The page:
***STOP PRESS 13th March: The Metropolitan Police has withdrawn its application to strike out women's case as the legal battle continues. Solidarity picket on Tuesday 18th March will go ahead as planned.***
Five of the eight women taking legal action against the Metropolitan Police, due to undercover police officers deceiving them into long term intimate relationships, will be opposing Scotland Yard's attempt to have their cases struck out on Tuesday 18th March. The women and their Police Spies Out of Lives support group have called for a solidarity picket outside the Royal Court of Justice, The Strand, at 9am on Tuesday 18th, as part of a week of action (17th - 21st March).
On the Newswire: Outrage as High Court permits secrecy over undercover policing | Abuse of women by undercover police must stop now! | Three undercover political Police unmasked | Undercover and over-the-top: The collapse of the Ratcliffe trial | Mark 'Stone/Kennedy' exposed as undercover police officer
NCND: National Cover-up, No Democracy
The police are using the absurd argument that because they refuse to neither confirm nor deny their undercover activities, they will be denied a fair trial and therefore it should not go ahead. The Met. are claiming Neither Confirm, Nor Deny (NCND) is a policy regarding undercover operations. This is despite, to give just two of many examples, the police confirming to the media that Mark Kennedy and Jim Boyling were undercover officers. If this paradoxical nonsense fails to persuade the judge, the police will attempt to block the standard procedure of providing their documents to the claimants or their lawyers.
The five women are pursuing common law claims of "deceit, assault, misfeasance in public office and negligence" since their relationships occurred before the Human Rights Act (1998) was passed. This hearing comes after the three other women in this legal action had to battle for over a year against their human rights claims going to a secret court; to widespread dismay, the Court of Appeal found against them in November 2013, and their battle continues.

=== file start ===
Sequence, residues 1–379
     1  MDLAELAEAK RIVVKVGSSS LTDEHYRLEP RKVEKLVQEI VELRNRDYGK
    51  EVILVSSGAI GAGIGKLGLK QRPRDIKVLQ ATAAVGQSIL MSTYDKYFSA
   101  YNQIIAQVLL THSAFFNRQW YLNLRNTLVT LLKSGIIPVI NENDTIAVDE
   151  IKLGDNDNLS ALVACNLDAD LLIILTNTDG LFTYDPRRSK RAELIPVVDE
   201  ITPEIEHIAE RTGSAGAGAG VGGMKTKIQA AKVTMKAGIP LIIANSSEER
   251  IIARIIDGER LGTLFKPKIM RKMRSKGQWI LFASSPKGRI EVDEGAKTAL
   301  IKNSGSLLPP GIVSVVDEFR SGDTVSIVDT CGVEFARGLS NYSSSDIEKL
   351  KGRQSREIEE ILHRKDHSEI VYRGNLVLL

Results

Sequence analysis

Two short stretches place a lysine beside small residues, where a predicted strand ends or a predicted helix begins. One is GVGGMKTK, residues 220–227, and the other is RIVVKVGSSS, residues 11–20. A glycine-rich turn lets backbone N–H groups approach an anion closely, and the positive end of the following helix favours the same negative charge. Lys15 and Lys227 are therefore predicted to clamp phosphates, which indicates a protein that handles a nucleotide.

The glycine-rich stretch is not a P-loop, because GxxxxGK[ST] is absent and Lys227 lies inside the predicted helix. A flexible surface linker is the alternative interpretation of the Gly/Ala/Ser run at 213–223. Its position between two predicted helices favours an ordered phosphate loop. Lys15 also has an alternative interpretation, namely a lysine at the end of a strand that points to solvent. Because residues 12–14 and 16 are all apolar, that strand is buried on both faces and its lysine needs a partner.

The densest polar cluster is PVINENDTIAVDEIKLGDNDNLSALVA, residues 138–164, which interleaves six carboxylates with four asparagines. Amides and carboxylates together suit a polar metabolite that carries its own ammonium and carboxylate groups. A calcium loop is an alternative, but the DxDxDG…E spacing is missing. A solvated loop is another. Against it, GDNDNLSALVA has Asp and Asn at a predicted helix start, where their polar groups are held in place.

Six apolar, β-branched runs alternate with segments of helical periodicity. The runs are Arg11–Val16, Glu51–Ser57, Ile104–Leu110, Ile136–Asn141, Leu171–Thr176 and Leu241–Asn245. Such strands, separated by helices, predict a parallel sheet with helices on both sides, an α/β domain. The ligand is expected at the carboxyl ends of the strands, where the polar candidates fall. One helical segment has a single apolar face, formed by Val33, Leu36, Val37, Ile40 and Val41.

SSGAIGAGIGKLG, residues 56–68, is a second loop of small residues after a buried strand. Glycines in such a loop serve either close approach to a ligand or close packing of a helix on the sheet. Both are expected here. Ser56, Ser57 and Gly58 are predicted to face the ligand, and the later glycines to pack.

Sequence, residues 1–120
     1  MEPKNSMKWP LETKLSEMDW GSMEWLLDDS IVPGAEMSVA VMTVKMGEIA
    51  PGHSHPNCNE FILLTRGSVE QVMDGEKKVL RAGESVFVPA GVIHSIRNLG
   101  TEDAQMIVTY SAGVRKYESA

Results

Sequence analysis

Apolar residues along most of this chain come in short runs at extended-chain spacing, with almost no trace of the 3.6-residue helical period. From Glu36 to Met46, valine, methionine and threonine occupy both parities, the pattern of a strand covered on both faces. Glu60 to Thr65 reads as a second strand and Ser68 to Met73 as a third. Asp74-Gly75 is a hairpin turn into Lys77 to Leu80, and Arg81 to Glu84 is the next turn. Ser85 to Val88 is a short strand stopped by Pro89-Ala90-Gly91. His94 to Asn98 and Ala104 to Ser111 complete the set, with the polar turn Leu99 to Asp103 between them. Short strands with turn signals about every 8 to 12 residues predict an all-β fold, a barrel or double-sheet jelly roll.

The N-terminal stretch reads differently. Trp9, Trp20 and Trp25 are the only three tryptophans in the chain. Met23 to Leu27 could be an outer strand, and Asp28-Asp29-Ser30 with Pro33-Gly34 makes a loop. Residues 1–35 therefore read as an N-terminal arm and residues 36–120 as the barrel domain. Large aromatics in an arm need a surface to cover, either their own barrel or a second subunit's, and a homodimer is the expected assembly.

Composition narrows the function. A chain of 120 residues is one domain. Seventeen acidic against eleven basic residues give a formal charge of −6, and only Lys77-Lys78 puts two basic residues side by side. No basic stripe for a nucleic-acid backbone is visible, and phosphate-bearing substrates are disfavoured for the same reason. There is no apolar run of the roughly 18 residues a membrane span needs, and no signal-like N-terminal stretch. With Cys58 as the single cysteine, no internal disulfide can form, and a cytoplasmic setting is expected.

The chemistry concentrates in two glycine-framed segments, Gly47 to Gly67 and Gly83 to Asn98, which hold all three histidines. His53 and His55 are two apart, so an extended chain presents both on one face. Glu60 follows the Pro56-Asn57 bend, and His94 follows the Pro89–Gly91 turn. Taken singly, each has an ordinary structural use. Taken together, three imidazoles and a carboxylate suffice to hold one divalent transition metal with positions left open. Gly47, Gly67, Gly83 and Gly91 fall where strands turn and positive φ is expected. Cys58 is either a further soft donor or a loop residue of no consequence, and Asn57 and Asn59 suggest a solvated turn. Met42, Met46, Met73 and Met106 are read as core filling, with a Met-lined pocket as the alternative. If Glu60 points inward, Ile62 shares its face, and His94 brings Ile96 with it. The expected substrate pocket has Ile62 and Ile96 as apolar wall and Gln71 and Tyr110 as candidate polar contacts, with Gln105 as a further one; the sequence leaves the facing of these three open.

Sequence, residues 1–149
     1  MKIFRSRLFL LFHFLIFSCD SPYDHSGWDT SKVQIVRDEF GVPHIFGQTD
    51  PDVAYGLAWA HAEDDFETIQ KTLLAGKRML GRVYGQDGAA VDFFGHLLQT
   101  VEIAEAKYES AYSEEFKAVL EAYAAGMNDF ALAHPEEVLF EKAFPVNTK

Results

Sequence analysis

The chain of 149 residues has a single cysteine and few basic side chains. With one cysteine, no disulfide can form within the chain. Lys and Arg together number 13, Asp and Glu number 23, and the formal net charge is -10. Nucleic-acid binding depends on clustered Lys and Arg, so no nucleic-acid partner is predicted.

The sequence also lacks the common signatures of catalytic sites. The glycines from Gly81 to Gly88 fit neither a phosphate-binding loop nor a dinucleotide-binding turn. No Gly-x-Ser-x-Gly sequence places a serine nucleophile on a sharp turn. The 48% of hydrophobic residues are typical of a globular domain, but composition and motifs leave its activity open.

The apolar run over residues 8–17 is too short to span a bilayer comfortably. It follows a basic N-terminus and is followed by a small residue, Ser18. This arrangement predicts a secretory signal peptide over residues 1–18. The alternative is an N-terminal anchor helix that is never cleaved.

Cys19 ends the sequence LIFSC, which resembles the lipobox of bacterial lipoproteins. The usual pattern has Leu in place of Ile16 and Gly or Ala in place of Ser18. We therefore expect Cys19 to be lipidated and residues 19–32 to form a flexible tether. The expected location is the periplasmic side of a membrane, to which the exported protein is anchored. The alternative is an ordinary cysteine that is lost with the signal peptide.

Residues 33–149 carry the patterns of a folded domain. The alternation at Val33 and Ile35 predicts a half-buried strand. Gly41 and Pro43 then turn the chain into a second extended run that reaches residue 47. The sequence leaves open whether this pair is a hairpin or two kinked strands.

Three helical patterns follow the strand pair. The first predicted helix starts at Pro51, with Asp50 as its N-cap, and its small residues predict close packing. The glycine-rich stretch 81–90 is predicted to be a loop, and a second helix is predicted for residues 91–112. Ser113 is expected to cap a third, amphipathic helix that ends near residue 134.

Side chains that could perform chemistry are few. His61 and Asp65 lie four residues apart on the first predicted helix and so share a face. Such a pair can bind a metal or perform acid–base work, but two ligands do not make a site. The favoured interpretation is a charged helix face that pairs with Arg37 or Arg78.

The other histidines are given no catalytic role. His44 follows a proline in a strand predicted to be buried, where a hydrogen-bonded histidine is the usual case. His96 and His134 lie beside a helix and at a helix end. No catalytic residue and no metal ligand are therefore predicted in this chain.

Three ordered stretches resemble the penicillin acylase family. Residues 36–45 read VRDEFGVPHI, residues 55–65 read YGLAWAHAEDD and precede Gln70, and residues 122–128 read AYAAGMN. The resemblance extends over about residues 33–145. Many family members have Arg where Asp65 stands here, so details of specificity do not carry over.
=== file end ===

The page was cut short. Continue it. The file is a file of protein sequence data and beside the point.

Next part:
This ongoing legal battle continues despite Theresa May's announcement of a public inquiry into undercover policing. It is unclear what the scope of the inquiry will be and whether it will examine sexual and intimate relationships; it is also not scheduled to begin until 2016. This inquiry has also been called by the Home Secretary who has promised to scrap the Human Rights Act if the Conservatives win the next election.
Furthermore, any public inquiry must question the whole abuse of power within UK policing. The women taking legal action and their supporters have formed the Police Spies Out Of Lives (PSOOL) campaign to challenge the ongoing police abuses carried out against individuals as well as the disruption being caused by undercover policing to the whole social and environmental justice movement.
It is important to remember that all of the women were targeted by undercover officers precisely because they were effective activists struggling for change. They are not just victims, as largely portrayed in the mainstream media, but continue to fight for justice.
Also, this is not a historical issue; undercover officers continue to infiltrate and disrupt social justice and environmental groups. While the case being heard on the 18th March concerns officers employed by the Special Demonstration Squad (SDS, 1968 - 2008), their activities were continued by the National Public Order Intelligence Unit (NPOIU, 1999 - 2011) and the National Extremism Tactical Co-ordination Unit (NETCU, 2004 - 2011). In 2011, these were merged into the current National Domestic Extremism and Disorder Intelligence Unit (NDEDIU) run by the Metropolitan Police's Counter Terrorism Command, known within the Met as SO15. The UK police force continues to obfuscate their undercover operations by re-branding them in even more Orwellian terms.
Undercover officers sought to undermine: the justice campaign for Stephen Lawrence and other Black justice groups, the Hillsborough Justice Campaign, Animal Rights, Anti-Capitalist, Peace and Environmental campaigns. The stated aim of undercover police units is to prevent 'disorder'; so any campaign that seeks a change to the status quo is a legitimate target. In response several groups affected and their lawyers have formed the recently launched Campaign Opposing Police Surveillance (COPS).
We must support the women who have suffered the most at the hands of undercover officers and who have the strength to take on the state in solidarity with the thousands of individuals and groups who have been targeted by undercover policing. Let them know that they don't fight alone: 9am, Tuesday 18th March, Royal Court of Justice, The Strand, WC2A 2LL.